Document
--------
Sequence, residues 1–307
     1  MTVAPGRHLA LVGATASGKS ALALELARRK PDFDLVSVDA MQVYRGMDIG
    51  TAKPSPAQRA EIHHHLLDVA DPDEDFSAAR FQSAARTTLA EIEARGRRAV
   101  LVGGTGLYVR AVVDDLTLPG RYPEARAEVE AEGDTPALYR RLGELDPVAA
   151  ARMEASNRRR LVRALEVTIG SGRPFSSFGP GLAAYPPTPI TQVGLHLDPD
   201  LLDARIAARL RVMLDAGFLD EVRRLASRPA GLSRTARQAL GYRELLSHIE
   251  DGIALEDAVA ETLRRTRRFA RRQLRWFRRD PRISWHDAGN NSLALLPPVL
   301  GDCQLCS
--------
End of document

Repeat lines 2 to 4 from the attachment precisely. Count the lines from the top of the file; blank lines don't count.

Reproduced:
     1  MTVAPGRHLA LVGATASGKS ALALELARRK PDFDLVSVDA MQVYRGMDIG
    51  TAKPSPAQRA EIHHHLLDVA DPDEDFSAAR FQSAARTTLA EIEARGRRAV
   101  LVGGTGLYVR AVVDDLTLPG RYPEARAEVE AEGDTPALYR RLGELDPVAA